• Increases in mean AST and ALT values were generally transient, usually appeared by the first measurement after dosing (day 8), and generally returned to baseline or the normal range by the next scheduled dose.
    • Most cases of grade 3 ALT increases returned to grade 1/2 within one or two cycles.
    • The proportion of patients with grade ≥3 increased transaminases did not increase over time.
    • Most patients continued T-DM1 treatment with appropriate dose modifications.

Thrombocytopenia and hemorrhage

  • Thrombocytopenia was the primary dose-limiting toxicity associated with T-DM1 in the dose-ranging trial.
    • In this safety analysis, 28.7% of T-DM1 treated patients experienced thrombocytopenia and the majority were grade 1/2 (64.4%).
  • Grade 3/4 thrombocytopenia generally occurred within the first 2 treatment cycles.
  • Thrombocytopenia was not reversible in all patients; however, with appropriate dose modifications, platelet counts did recover sufficiently to allow treatment to continue in nearly all patients.
  • To better explore the relationship between thrombocytopenia and hemorrhage, the incidences of thrombocytopenia and hemorrhage were cross-tabulated. (Table 3)
    • Of the 122 patients with grade 3/4 thrombocytopenia:
      • Grade 1 bleeding was experienced by 51 (41.8%) patients;
      • Grade 2 bleeding was experienced by four (3.3%) patients;
      • Grade 3/4 bleeding was experienced by six (4.9%) patients.
      • Grade 3/4 bleeding events and grade 3/4 thrombocytopenia did not occur concurrently in any patients.

Cardiac safety

  • Cardiac dysfunction (i.e., cardiac failure [SMQ (Standardized MedDRA Queries) narrow]) was infrequent (1.5%), and the majority of patients (11 of 13) experienced grade 1/2 events. The remaining two events were grade 3 decreased ejection fraction.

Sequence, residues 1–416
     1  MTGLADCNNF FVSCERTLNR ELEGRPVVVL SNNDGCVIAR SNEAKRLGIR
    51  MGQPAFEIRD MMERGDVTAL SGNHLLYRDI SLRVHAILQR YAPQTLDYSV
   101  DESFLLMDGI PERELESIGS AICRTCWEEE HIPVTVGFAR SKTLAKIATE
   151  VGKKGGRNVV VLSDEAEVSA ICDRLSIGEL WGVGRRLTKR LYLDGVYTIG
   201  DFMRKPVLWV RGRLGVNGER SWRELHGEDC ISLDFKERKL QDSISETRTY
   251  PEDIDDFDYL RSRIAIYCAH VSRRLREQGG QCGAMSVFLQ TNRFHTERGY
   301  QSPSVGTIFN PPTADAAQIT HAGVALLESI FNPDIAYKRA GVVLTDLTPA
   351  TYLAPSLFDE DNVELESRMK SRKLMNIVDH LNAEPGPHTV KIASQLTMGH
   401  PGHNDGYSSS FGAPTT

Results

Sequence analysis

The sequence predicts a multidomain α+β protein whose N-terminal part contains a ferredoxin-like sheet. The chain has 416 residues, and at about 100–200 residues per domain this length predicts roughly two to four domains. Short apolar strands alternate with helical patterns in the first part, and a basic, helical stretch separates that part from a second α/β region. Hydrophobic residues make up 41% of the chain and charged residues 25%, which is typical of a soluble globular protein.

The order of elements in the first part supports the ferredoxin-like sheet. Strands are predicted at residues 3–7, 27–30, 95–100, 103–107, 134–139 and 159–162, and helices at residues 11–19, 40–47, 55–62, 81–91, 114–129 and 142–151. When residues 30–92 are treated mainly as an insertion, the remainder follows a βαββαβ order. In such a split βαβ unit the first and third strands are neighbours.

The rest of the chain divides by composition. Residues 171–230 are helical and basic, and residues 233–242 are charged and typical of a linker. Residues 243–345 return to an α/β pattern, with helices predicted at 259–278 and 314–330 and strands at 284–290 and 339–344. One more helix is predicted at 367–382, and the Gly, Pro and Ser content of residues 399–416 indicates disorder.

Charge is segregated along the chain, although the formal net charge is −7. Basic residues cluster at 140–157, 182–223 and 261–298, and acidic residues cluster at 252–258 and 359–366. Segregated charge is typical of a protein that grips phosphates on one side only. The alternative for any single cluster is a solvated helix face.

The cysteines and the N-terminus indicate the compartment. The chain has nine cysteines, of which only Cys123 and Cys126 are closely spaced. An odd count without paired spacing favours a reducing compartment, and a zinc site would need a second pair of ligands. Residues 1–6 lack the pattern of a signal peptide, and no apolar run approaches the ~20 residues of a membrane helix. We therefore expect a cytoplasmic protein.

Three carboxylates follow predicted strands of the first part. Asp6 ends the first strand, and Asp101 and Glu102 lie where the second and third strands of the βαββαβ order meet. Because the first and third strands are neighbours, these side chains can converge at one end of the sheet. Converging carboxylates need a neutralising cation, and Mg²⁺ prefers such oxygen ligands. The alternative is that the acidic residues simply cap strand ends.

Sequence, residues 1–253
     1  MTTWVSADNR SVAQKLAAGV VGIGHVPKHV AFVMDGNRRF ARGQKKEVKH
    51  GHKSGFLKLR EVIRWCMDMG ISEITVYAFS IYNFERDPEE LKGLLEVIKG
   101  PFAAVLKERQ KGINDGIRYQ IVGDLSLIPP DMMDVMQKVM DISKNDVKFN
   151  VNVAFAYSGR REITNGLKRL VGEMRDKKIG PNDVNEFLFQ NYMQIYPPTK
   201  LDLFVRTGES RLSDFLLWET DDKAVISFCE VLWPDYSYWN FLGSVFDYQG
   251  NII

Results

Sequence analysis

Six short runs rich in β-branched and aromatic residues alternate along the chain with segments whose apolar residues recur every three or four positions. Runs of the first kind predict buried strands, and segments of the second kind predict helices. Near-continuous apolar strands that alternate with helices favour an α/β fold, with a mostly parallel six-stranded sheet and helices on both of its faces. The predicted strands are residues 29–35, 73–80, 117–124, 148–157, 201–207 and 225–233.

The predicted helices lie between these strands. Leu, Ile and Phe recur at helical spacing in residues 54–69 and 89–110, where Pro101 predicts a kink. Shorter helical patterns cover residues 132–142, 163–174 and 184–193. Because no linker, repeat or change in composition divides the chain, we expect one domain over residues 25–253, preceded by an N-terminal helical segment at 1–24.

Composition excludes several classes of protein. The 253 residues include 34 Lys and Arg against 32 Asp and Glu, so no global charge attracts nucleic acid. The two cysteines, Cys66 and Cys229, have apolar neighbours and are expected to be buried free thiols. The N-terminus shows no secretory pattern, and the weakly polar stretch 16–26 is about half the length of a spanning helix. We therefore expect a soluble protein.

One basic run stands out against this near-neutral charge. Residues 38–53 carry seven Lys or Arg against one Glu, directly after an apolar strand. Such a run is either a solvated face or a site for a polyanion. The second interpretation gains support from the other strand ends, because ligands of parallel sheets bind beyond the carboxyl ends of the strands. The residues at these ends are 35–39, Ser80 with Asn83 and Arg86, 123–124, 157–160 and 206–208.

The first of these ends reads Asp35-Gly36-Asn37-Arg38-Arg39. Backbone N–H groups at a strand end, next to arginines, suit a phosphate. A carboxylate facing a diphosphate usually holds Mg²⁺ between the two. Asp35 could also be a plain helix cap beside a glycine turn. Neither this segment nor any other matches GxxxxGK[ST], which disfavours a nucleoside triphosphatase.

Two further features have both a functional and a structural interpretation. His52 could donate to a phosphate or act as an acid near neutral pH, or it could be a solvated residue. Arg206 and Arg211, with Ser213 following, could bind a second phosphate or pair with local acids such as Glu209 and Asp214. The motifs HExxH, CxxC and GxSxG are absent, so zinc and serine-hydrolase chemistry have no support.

• Four (0.5%) patients had a post-baseline LVEF <40% and 16 (1.8%) patients had an LVEF decline of ≥15 percentage points from baseline to below 50%.
  • A total of three (0.3%) patients discontinued T-DM1 because of a cardiac disorder (one atrial fibrillation, one left ventricular dysfunction, and one decreased ejection fraction).

Key conclusions

  • The safety profile of T-DM1 was consistent across the studies and the different patient populations with HER2-positive MBC.
  • The safety profile of T-DM1 observed in this analysis is consistent with the theoretical concept underlying the design of ADCs — that targeting the delivery of chemotherapy to tumour cells and restricting chemotherapy release to the intracellular compartment reduces systemic toxicity.

Reference 1. Verma S, Miles D, Gianni L, et al. Trastuzumab emtansine for HER2-positive advanced breast cancer. N Engl J Med 2012;367:1783–91. 2. Diéras V, Harbeck N, Budd GT, et al. Trastuzumab emtansine in HER2-positive metastatic breast cancer: pooled safety analysis from seven studies. SABCS Annual Meeting Abstracts 2012:P5-18-06.

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Canadian Perspectives

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Jean-Francois Larouche, MD

Dr. Jean-Francois Larouche obtained his medical degree in 2000. Upon graduation, he trained in internal medicine, hematology, and oncology at Laval University, Quebec City. Pursuing his interest in oncology, Dr. Larouche completed a postdoctoral fellowship in 2008 in Lyon, France, on lymphoma management. His interests include lymphomas and clinical research.

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Stephen Couban, MD, FRCPC